MUMBAI— It’s more of a peppy chat, we discover, with Nutan’s granddaughter and Mohnish and Ektaa Bahl’s daughter Pranutan Bahl and Zaheer Iqbal than an interview with newbies. Confident to the core, talkative and full of wit, the third of the couples Salman Khan has introduced in his films, after Sooraj Pancholi and Athiya Shetty in “Hero” and Aayush Sharma and Warina Hussein in “LoveYatri,” are a lovable pair that has also got along like a house on fire ever since they met when they were signed for “Notebook” to play lovers who had never met!
Excerpts from an interview:
Q: Was it always like this – the rapport between both of you? You seem to hit it off really well as I was observing before coming up to chat with you.
Pranutan Bahl: Absolutely!
Zaheer Iqbal: From day one!
Q: So is it not ironic that yours is a love story in which you guys hardly meet when it begins?
PB: Yes, we shot very less with each other.
ZI: We get along so well we wanted to tell the director, “Chaar paanch scene aur daal do (Put in four or five more scenes of us)”!
Q: So we will not ask about how you felt working with each other! Tell us something about your director, Nitin Kakkar? Especially since neither of you are trained actors.
ZA: He is such a legend I could spend five hours talking about him! I have a major man crush on Nitin-sir. What we are today as human beings, as well as actors, has a lot to do with him. But before that, I have done multiple workshops and lots of acting classes.
PB: Acting coach Hemant Kher was with us on the sets 24/7. I have not been to any acting school, which is what I had to answer people at our trailer launch. I come from the Nitin Kakkar institute! And do you know that he would tell me to do or to say something within the film and when I would tell him, Firdaus would never do that, or say that he would have a twinkle in his eyes, and would say, “Relax I know Firdaus too!”
ZI: And he told us, “My goal was to reach a point when you people would argue and talk like this, which showed how well you know our characters!”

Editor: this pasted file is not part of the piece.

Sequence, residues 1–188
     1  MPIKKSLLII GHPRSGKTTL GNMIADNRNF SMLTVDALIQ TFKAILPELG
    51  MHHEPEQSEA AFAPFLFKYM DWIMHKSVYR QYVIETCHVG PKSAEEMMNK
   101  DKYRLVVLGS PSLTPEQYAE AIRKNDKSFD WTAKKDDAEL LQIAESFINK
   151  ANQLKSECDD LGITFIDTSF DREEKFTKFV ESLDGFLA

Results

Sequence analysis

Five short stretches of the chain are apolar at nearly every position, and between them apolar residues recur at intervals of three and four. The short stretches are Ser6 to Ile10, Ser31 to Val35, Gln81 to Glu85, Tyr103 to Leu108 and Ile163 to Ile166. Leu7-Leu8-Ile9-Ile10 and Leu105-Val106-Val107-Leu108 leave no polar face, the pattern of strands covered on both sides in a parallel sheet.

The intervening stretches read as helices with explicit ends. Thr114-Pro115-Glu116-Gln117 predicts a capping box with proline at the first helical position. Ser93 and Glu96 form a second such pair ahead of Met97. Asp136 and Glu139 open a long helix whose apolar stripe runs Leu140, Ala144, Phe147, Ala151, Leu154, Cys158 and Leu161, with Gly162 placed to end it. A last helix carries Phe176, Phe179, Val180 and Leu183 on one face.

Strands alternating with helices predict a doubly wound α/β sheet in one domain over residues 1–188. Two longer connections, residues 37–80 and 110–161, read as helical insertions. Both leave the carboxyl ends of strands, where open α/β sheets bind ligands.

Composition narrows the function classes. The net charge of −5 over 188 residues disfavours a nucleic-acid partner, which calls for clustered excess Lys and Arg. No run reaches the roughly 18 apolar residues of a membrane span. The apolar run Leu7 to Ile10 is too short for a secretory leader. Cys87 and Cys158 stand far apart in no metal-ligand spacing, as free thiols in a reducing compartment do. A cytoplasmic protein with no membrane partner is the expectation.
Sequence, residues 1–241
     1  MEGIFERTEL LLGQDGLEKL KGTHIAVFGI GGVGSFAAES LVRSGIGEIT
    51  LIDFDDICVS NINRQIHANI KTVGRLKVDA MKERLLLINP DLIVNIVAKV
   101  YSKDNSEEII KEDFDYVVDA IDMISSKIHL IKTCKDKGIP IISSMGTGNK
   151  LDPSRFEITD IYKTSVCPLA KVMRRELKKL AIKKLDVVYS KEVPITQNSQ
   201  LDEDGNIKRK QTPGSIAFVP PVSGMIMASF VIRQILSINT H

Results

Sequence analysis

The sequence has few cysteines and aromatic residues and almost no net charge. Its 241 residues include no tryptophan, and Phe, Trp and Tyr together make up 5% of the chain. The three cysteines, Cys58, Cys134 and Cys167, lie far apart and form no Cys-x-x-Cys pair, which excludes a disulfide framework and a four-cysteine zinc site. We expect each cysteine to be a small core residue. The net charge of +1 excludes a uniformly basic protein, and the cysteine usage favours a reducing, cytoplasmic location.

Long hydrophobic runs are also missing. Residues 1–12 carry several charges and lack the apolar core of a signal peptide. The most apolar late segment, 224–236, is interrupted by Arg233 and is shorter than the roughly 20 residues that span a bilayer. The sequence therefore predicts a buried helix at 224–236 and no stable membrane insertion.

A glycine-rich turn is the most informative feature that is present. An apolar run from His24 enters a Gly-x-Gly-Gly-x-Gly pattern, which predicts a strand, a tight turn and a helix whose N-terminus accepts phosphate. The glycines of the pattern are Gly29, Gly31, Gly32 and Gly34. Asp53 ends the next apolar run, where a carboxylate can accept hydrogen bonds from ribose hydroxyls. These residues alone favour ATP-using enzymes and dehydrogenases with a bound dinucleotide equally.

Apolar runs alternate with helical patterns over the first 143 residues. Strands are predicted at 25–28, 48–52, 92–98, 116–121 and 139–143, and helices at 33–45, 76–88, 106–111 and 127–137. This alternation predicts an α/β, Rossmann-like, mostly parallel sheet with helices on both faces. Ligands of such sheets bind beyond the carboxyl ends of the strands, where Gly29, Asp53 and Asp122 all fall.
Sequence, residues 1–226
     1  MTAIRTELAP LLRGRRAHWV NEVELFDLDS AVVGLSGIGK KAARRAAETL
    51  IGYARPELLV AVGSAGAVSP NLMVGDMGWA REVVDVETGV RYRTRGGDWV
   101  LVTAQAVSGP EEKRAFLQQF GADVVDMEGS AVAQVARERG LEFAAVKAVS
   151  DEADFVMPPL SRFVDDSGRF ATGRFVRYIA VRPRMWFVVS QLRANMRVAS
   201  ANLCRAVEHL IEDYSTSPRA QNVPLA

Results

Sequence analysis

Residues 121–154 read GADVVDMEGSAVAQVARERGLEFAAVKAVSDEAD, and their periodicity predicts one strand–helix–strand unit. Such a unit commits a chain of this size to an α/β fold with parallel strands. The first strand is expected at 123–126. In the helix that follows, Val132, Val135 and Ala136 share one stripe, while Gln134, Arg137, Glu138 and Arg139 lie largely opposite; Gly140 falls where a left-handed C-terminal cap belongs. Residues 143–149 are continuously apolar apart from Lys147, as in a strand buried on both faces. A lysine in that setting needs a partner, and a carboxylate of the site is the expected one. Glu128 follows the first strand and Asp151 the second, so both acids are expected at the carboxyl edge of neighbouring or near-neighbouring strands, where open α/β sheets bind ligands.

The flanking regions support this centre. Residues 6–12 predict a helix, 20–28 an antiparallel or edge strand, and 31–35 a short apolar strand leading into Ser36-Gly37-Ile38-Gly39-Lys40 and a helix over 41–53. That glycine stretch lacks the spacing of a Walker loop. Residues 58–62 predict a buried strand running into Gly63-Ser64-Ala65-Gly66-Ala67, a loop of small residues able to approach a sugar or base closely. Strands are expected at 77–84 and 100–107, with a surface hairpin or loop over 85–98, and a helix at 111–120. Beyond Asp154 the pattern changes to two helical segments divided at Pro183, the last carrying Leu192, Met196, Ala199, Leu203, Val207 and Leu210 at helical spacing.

PB: Yeah! I forgot that! You are right!
Q: So how deep did you go into the character, and how much was all of this challenging?
PB: Firdaus is just a sweet and pure girl, but it took me time to make her happen and highlight the aspects that were needed. But there was no specific challenge as such.
ZI: But we back-tracked our characters. Nitin-sir told us to go back and make a life journey of our characters. So when my character Kabir is on sets, is he sad? If he is, why is it? What does he do? Why did he not have tea but has coffee? What was the tragic incident in his formative years? What is the color of his cycle, which route did he take to college? Who were his mother, father and best friend, and what were they like? So much so that I began to feel that Kabir is a real guy, and he is like that because of certain people and reasons.
Q: What were your reactions when you read the script?
ZI: We read a lot of scripts that were mostly conventional love stories of a boy and a girl and opposition from a father. They were predictable. But we were lucky that “Notebook” was chosen. The trailer gives the perfect sense of the film and makes you curious what the film is like.
PB: And I told myself, “Please give this role your everything.” I don’t like putting things in a box. 2018 was a year in which great stories worked and got translated into great box-office figures. The audience pulse is now more open.
Q: Pranutan, you are a standing example of nepotism as per Kangana Ranaut’s definition…
PB: No! I am not! And I will tell you why! I have not chosen this path for myself. My father never even spoke to anyone for me. I gave auditions all over the city by myself, that too after completing my Law! And Salman-sir saw me by chance. When he was told I was my father’s daughter, he called him up!
ZI: Actually, I am the one who is an example of nepotism – in my father’s construction business! I would go to work on his sites during vacations instead of chilling out. I still take out a few hours every week to go his sites. I love constructing buildings and watching them come up! I dreamt once of being the youngest builder in India. But there was a ‘filmy keeda’ (madness for films) in my blood, which I should have explored earlier! I would perform at events, not just dance, and Salman-sir saw me at my sister’s wedding. I should have given auditions before that lucky break, but I was scared. What if it went bad? I guess I was wrong.
Q: Pranutan, you have a legacy that goes down four generations.
PB (Shakes her head): Five, not four. My great-great-grandmother was Ratanbai, a huge artiste who was an actress and musician. My great-grandmother was the famous Shobhana Samarth and was married to the famous filmmaker Kumarsen Samarth, and my dadi (paternal grandmother) was Nutan.
Q: How familiar are you with their legacy?
PB: I hope I am quite familiar! I try to keep abreast with the beautiful legacy bestowed on me, and I hope I live up to it.
Q: Which are you guys’ favorite films, Hindi or otherwise?
ZI: I love any film that is entertaining. As Pranutan says, the dynamics have changed now, so my pulse has changed too, towards content-based entertaining out-and-out commercial films that are a good mix of both. But I will always do entertaining films. I love “Hum Tum.” Also “Zindagi Na Milegi Dobara,” in which Abhay Deol played a builder, and “Vaastav.”
PB: In “Vaastav” my father (Mohnish Bahl) and mother (Ektaa) played husband and wife.
ZI: Wow! I did not know that! That’s amazing!
PB: And MY favorite is “Andaz Apna Apna!”